Illinois Gov. Bruce Rauner today announced that he has accepted the nationwide public-safety broadband network (NPSBN) deployment plan offered by FirstNet and AT&T on behalf of his state, making Illinois the 37th state—not including two territories—to “opt-in” to the FirstNet system.

“Opting in to the FirstNet emergency responder network is an important advance for public safety in Illinois,” Gov. Rauner said in a prepared statement. “FirstNet’s technology will help us keep important lines of communication open when we most need them.”

Under the law that established FirstNet, governors in all 56 states and territories have the choice of making an “opt-in” decision—accepting the FirstNet deployment plan and allowing AT&T to build the LTE radio access network (RAN) within the state’s borders at no cost to the state—or pursuing the “opt-out” alternative, which would require the state to be responsible for building and maintaining the RAN for the next 25 years.

With Rauner’s decision, governors in only four states have not announced an “opt-in” decision or had state officials issue an RFP seeking a potential alternative RAN vendor: Delaware, Florida, New York and North Dakota.

"Gov. Rauner's decision to join FirstNet demonstrates his strong support and dedication to public safety throughout the state," FirstNet CEO Mike Poth said in a prepared statement. "We are honored to serve Illinois' first responders and deliver to them a reliable, broadband communications network that will help them save lives and protect communities.”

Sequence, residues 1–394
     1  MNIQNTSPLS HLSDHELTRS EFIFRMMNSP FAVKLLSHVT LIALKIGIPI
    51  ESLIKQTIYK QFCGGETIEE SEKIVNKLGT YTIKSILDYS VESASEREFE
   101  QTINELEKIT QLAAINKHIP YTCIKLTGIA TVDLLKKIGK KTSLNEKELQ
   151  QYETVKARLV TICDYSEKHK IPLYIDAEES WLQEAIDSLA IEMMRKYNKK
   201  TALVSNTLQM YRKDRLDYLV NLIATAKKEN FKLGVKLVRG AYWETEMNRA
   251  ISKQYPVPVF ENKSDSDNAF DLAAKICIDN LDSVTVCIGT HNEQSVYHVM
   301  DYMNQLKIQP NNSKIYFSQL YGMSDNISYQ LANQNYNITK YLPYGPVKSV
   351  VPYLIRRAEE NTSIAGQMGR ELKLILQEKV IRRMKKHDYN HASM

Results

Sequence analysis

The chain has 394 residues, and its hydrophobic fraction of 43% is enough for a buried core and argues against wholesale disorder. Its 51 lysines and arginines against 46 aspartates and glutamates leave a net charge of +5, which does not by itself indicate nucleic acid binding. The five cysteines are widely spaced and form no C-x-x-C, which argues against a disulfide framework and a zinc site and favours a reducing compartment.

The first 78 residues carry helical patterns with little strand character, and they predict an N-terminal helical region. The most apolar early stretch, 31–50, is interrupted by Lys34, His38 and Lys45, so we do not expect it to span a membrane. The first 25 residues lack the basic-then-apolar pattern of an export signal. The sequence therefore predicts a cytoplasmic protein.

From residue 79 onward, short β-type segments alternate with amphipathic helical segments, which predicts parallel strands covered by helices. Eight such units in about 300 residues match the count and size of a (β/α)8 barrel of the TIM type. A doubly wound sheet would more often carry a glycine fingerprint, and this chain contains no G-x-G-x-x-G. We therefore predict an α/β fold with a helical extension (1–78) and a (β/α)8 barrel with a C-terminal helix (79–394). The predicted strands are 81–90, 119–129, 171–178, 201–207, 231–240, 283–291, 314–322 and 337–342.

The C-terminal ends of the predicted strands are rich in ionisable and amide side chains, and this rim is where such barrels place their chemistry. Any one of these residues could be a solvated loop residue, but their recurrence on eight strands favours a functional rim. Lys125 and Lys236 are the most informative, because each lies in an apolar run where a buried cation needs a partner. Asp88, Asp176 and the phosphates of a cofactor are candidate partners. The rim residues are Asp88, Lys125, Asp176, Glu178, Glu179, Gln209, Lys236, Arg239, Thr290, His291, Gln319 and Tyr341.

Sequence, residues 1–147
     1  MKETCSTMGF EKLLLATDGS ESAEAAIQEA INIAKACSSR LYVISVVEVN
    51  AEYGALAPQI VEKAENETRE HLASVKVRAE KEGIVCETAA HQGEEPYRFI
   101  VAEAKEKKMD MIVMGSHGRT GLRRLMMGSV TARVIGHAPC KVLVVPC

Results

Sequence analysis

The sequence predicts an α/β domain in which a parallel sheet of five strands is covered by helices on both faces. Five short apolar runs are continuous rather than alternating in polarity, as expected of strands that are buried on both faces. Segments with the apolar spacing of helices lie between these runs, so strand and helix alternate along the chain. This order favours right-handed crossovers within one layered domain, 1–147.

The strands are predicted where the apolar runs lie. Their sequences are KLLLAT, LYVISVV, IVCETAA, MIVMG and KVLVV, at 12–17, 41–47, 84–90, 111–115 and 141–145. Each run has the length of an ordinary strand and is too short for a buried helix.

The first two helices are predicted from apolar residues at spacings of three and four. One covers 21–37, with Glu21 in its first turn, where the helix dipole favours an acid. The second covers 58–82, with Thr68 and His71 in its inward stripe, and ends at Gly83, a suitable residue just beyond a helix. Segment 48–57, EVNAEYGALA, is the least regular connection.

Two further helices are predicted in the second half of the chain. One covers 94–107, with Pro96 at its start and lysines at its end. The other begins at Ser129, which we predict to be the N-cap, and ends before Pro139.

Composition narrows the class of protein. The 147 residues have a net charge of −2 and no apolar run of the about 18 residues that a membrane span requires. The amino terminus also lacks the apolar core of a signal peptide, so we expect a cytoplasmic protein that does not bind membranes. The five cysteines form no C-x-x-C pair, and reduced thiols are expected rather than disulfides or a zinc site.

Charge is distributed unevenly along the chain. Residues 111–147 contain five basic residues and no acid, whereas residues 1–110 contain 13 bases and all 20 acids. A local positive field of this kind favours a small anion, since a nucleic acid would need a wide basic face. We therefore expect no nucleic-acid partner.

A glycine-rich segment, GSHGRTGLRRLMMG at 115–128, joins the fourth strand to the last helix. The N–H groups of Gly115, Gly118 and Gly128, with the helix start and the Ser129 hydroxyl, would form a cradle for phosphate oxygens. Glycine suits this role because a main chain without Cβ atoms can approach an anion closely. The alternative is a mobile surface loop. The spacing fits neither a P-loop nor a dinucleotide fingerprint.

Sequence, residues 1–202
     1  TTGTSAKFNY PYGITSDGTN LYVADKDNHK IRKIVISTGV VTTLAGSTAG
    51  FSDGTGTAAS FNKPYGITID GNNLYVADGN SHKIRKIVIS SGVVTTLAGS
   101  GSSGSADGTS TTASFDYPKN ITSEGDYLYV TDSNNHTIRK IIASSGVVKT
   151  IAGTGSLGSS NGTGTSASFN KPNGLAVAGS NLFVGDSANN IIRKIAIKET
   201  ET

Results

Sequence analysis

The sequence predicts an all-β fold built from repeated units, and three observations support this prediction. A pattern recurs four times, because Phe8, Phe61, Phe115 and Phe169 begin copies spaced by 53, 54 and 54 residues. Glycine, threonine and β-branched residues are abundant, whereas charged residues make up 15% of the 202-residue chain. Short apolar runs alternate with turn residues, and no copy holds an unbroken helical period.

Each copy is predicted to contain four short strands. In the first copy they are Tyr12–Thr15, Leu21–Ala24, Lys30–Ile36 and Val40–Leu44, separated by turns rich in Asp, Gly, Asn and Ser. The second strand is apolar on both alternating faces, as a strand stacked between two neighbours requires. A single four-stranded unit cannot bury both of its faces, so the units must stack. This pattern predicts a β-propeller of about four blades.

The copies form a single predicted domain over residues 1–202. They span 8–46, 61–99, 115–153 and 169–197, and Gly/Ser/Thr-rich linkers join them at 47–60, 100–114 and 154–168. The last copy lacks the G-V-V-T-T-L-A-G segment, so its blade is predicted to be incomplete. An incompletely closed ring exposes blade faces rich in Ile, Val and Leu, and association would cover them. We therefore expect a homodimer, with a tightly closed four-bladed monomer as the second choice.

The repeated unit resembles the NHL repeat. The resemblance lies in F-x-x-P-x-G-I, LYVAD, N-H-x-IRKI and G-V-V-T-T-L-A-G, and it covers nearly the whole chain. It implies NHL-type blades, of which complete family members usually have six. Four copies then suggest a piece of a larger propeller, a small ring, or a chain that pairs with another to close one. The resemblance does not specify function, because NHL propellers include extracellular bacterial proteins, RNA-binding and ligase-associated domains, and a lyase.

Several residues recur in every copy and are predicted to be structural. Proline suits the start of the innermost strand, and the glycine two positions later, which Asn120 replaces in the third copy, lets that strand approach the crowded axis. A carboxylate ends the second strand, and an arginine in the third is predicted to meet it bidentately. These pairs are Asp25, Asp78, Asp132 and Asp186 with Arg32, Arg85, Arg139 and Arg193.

FirstNet released its initial state plans on June 19 and made them actionable, so governors would have the opportunity to “opt-in” to FirstNet prior to the final state plans being released on Sept. 29. Governors in 53 states and territories that received initial state plans on June 19 are required to make their “opt-in/opt-out” decisions by Dec. 28. The Pacific territories of Guam, American Samoa and the Northern Mariana Island must make “opt-in/opt-out” decisions by March 12.

Prior to the Illinois decision, 36 other states—Virginia, Wyoming, Arkansas, Kentucky, Iowa, New Jersey, West Virginia, New Mexico, Michigan, Maine, Montana, Arizona, Kansas, Nevada, Hawaii, Alaska, Tennessee, Nebraska, Maryland, Idaho, Texas, Louisiana, Minnesota, Alabama, Indiana, Oklahoma, Pennsylvania, South Carolina, Utah, North Carolina, Georgia, Vermont, Ohio, Missouri, Wisconsin and South Dakota—had announced their “opt-in” decisions, as did the U.S. Virgin Islands and Puerto Rico territories.

Earlier this month, New Hampshire became the first state to have its governor announce plans to pursue the “opt-out” alternative.

Last week, Wisconsin became the 10th state to announce an “opt-in” decision after issuing a request for proposals (RFP) seeking bids from vendors willing to deploy and maintain an alternative RAN. Previously, the states of Michigan, Arizona, Alabama, Pennsylvania, Oklahoma, North Carolina, Georgia, Vermont and Missouri issued RFPs but later had their governors announce “opt-in” decisions.